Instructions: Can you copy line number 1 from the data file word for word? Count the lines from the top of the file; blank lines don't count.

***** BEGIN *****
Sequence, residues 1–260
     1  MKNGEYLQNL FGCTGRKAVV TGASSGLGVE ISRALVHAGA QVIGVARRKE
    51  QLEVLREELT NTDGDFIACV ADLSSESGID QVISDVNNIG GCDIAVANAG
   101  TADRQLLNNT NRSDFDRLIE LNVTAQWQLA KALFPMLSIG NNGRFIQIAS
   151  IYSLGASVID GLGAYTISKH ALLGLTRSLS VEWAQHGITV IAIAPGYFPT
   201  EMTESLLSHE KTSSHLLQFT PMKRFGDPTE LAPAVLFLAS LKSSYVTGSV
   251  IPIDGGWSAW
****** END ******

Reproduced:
Sequence, residues 1–260